Google Chrome has become so good that when it comes to affordable, quality laptops, it’s a better buy than a cheap Windows device. So Microsoft needs a lightweight OS to compete, and it’s really hoping that the education-focused Windows 10 S will be that OS.
Windows 10 S is Microsoft’s new lightweight operating system. It’s meant to be cheaper and less processor intensive than Windows 10 Home or Pro, the versions of the OS found on most laptops and desktops today.
There are far fewer programs running in the background. According to Microsoft, a laptop running Windows 10 S loads a user profile (including apps and preferences) 15 seconds faster than an identical laptop running Windows 10 Pro.
If you’re in school or work at a school, this is a big deal, as it will make it easy to standardize computer use across a campus (the bulk of today’s announcement presentation was focused on teachers and IT workers in schools). If you’re not in education, Windows 10 S is probably going to be a bad deal. But we won’t know until we start seeing computers with Windows 10 S built in. If the hardware is good enough and cheap enough, it could be a descent hobbled OS competitor to Chrome OS, and at least it will run the full Microsoft Office suite.
Yes! Windows 10 S is not Microsoft’s first attempt at a lightweight OS. At CES in 2011, Microsoft introduced Windows RT, a mobile-focused variant of Windows 8 meant to cut cost but keep consumers lashed to the Windows wheel. Unfortunately, RT was super limited in what it could do. The big problem was apps. You couldn’t use older apps or anything cool, unless it had been updated for the Windows Store. And the Store was bad—often charging a fee for apps that would be free on a non-RT computer. RT also took up a lot of space on laptops, which left you paying more for storage or suffering with only 16GB of space on a 32GB storage drive.
After Microsoft stopped updating RT in 2012, it focused its efforts on a new product, Windows 8.1 with Bing. This was a more full featured “lightweight” OS than RT, but it still required you to get apps from the Windows Store, and it was subsidized by the less-than-stellar Bing search service. That meant you had to see ads on your desktop, and worse, you had use Bing regularly. Windows 8.1 with Bing could only be installed at computers by manufacturers. Unfortunately, the OEMs were apparently not crazy about the subsidized OS.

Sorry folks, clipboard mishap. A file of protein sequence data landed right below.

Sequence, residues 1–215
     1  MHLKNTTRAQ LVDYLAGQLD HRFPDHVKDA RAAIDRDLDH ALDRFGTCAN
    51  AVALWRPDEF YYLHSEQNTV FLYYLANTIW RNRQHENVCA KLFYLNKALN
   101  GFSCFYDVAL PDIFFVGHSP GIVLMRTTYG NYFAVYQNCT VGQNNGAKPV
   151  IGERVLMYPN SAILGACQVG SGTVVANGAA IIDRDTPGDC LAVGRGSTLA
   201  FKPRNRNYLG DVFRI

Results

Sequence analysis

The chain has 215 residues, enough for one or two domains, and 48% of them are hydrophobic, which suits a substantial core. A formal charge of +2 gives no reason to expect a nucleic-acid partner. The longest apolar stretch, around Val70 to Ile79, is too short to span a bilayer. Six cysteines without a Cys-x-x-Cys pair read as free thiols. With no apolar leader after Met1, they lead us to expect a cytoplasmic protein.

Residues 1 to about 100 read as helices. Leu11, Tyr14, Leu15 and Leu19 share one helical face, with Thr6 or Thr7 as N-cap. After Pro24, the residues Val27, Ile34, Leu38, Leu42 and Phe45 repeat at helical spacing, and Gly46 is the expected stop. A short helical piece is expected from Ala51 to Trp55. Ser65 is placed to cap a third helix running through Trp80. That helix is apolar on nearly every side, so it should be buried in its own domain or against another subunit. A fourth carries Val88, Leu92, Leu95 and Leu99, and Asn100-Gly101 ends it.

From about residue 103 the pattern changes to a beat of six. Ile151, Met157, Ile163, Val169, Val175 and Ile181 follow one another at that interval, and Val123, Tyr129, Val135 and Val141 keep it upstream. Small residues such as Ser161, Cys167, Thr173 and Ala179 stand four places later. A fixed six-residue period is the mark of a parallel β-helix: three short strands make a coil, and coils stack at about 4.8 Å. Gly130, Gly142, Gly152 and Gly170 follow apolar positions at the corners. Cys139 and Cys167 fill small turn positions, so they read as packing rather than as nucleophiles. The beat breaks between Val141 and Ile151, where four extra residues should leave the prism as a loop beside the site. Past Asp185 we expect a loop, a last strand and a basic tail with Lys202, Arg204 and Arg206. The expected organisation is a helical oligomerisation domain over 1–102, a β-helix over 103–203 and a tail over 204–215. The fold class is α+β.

Windows 10 S seems to borrow some ideas from both of its lightweight, low-cost predecessors. Which means apps can only come from the Windows Store. (though Digital Trends suggested a future update will allow you to install any app you like). That’s a bummer, but at least the Store has drastically improved since 2014—the last time Microsoft demanded we use it exclusively.
Microsoft claims this move is about security. By limiting installs to products from the store only, it’s unlikely that a simple app install can infect a computer with a virus or dramatically disrupt the OS. That’s useful if the Window 10 S machine is in a classroom full of kids who don’t know how to browse safely—and one of the reasons Microsoft has elected to brand Windows 10 S as a solution for educators.
For the rest of us, it’s still a frustration. While the Store now has useful apps like Microsoft Office and Adobe Photoshop Express, it’s lacking a lot of other big apps—like Chrome.
Which means if you want to browse the internet on a Windows 10 S device, you’ll need to be prepared to embrace Microsoft Edge.
A number of inexpensive laptops from major computer manufacturers including Dell, HP, and Acer. The cheapest laptop will start at just $189.
It costs nothing, as it’s only available pre-installed on devices or through a vendor used by tech agents for schools.
But if you are using a Windows 10 S device and are tired of being stuck to the Windows Store, you can upgrade to Windows 10 Pro for free, if you’re a student, and for $49, if you’re not.
Windows 10 S is expected to launch this summer.